Detroit— Hundreds of mourners filed into Greater Grace Temple on Monday to honor fallen police Officer Patrick Hill, who died this month after several months in a coma.
But at the request of Hill’s wife, Deodge, most of those paying their respects at the northwest Detroit church wore colors other than black.
“She wanted it to be a celebration,” Detroit police spokeswoman Kelly Miner said. “She doesn’t want there to be mourning.”
Officials who attended Hill’s funeral saluted him as a brave and dedicated officer.
Mayor Dave Bing called Hill “a fallen hero.”
“During his life, he had the opportunity to compile a rich portfolio of experiences and accomplishments,” the mayor said.
U.S. Attorney Barbara McQuade said she was happy the family asked people not to wear black. She said she wore purple to honor “a great role model for all of us.”
“Today is a day of inspiration,” she said.
Police Chief James Craig, who took over the department in July, said he was saddened by “having to bear the loss of one of our beloved officers.”
“Patrick served with honor, and for a purpose far greater than himself,” the chief said, calling Hill “a real-life hero who put his life on the line every day to make our city safer. Officer Hill’s bravery and legacy will not be forgotten.”
Addressing Hill’s children, McQuade said: “Look around at all these police officers who are here today to honor your dad. Today we renew our commitment to do what he did so we can lay our heads down at night and feel safe.”
Hill, 37, a father of four and a 12-year department veteran, died Oct. 19 after being hit by friendly fire April 2 during a standoff with a murder suspect.
Police cars from agencies around Michigan could be seen outside the church for the funeral, including officers from Ann Arbor, Dearborn, Troy and Lansing.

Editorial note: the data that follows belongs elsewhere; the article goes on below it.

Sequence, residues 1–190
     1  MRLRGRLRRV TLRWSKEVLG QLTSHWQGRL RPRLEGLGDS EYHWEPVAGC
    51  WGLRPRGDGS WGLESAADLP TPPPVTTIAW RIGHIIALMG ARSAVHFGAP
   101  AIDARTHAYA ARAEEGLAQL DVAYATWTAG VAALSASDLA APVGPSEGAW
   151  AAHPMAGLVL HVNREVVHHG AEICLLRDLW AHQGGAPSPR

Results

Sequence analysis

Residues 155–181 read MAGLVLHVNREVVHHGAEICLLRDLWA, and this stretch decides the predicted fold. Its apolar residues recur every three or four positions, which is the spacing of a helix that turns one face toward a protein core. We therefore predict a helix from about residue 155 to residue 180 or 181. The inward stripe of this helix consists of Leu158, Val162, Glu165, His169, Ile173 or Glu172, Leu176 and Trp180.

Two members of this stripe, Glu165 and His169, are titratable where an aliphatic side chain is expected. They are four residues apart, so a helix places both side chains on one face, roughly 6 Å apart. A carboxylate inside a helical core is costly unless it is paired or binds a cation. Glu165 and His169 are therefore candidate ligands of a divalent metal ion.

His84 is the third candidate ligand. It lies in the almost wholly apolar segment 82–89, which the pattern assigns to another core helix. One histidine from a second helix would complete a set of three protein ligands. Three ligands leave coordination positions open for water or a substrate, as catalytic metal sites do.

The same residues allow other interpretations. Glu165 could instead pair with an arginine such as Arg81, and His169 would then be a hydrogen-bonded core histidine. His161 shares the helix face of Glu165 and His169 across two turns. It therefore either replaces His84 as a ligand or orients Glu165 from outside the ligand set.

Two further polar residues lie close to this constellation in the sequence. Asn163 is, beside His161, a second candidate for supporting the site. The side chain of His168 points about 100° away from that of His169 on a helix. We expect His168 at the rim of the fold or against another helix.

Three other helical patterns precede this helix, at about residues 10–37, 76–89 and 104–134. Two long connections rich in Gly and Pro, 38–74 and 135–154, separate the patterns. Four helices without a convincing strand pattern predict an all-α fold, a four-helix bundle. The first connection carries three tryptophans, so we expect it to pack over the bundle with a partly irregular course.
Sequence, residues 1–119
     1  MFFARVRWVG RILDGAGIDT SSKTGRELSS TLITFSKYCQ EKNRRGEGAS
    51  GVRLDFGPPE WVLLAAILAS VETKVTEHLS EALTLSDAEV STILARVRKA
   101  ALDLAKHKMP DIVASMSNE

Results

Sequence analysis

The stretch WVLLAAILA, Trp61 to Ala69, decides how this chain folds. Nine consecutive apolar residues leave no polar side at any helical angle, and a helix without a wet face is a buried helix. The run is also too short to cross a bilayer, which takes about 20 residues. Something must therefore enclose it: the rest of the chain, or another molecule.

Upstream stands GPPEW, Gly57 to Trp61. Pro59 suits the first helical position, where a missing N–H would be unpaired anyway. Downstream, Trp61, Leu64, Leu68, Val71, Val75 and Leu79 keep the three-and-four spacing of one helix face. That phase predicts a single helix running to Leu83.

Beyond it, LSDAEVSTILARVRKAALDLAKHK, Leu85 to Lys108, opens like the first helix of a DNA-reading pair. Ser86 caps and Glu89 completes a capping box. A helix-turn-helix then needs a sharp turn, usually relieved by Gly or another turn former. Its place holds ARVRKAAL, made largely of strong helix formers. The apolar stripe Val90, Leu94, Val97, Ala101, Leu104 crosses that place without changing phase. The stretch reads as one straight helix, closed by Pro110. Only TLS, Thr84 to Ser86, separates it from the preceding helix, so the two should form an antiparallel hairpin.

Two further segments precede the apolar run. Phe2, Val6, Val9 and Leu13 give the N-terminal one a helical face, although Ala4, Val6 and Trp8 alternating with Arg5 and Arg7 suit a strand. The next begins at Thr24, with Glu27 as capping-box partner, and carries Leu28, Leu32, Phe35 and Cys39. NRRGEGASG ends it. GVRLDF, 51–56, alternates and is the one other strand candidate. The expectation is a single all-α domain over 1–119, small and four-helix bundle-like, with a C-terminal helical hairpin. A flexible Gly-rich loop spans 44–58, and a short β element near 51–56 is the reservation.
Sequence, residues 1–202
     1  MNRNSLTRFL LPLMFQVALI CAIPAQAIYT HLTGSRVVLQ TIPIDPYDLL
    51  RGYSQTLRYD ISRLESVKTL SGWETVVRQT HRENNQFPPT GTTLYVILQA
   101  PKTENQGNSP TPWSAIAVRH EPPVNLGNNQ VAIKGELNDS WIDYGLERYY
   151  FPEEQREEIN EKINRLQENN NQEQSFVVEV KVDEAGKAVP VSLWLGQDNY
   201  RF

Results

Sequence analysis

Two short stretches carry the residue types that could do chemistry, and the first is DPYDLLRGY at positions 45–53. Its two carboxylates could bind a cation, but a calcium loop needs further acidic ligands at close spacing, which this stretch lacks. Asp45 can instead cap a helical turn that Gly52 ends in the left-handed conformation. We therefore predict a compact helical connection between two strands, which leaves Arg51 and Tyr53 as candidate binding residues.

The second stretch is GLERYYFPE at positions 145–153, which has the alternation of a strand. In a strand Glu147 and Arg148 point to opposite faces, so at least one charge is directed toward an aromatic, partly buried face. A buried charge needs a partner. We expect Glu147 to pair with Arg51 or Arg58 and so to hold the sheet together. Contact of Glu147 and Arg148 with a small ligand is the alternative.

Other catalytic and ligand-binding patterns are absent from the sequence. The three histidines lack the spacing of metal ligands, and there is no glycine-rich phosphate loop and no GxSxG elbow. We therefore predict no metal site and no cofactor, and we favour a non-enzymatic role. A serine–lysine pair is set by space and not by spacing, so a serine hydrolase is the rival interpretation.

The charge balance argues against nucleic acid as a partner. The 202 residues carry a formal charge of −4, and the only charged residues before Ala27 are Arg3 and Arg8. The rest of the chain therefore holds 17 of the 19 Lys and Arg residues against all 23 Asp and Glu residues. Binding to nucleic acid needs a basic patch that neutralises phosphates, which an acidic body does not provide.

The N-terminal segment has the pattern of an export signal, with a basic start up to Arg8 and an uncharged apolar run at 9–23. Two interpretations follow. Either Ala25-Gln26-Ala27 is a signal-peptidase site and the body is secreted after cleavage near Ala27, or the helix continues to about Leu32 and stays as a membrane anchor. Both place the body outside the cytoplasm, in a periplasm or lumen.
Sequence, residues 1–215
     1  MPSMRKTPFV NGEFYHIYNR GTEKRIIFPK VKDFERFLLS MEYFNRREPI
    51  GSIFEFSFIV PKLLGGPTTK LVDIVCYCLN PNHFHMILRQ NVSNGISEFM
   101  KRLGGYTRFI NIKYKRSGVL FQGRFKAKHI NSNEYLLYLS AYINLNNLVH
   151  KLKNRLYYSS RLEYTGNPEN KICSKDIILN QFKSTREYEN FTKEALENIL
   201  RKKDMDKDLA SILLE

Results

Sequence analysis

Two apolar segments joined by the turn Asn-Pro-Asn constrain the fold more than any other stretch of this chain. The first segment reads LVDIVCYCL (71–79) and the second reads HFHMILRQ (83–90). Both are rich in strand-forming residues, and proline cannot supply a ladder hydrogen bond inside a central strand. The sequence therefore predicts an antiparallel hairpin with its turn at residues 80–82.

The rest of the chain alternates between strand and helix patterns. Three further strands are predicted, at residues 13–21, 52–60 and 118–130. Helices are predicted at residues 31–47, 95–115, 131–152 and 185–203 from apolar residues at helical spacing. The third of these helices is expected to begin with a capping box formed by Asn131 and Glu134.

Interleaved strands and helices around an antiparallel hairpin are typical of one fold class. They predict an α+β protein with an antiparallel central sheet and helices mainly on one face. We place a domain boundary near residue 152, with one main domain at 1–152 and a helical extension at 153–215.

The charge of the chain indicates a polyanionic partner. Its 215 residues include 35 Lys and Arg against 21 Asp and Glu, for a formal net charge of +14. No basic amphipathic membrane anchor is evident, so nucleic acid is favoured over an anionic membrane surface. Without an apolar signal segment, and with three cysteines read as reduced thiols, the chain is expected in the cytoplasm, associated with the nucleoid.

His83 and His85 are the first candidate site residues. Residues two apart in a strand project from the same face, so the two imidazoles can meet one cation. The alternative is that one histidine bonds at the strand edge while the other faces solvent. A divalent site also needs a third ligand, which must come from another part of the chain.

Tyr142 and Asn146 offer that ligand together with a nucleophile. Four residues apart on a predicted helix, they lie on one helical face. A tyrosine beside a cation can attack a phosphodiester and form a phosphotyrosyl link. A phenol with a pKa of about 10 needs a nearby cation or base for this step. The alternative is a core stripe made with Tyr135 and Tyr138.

After the service, bagpipers played as Hill’s casket, draped with the American flag, was brought out of the church. Officers lined Seven Mile, including members of the Detroit Police Mounted Unit.
Officer Jacob Liska, who attended the police academy with Hill in 2001, said Hill made a tough job easier with his sense of humor.
“There was always a smile on his face,” Liska said.
He and other officers attending the funeral wore black bands over their badges with the number 4674, Hill’s badge number.
“The smile on his face just lit up the room. He was a funny guy,” Liska said. “Not every day is a great day. He’d make it better.”
Liska said Hill’s wife wanted Monday to be a day of celebration. “That’s how Dee wanted it. She said, ‘Let’s celebrate who Patrick was,’ ” Liska said.
“It hurt me to lose a friend like this,” he said. “It’s crushed me. He loved being a police officer.”
Sgt. Michael DiCicco played travel softball with Hill, who played shortstop and third base for the Great Lakes Lawmen team. “He definitely loved the job,” DiCicco said. “He kept himself in good physical condition so he could do the job. He was a great dad: he brought his kids to the ball field and our wives would yell at us. I hope we celebrate his life and maybe tell a few stories.”
Hill was born in Southfield and graduated in 1994 from Detroit’s Cass Technical High School, where he played football and baseball.
He went on to the University of Michigan, going out for the football team as a walk-on and graduating in December 1999. His partners on the Detroit force called him “Wolverine.”
Hill graduated from the police academy at the top of his class in August 2001 and joined the Detroit Police Department. He worked with the Department of Homeland Security as a sniper and was deputized as a special agent for the federal Bureau of Alcohol, Tobacco, Firearms and Explosives as a special agent in October 2012.
Hill was to be buried in Westlawn Cemetery in Wayne.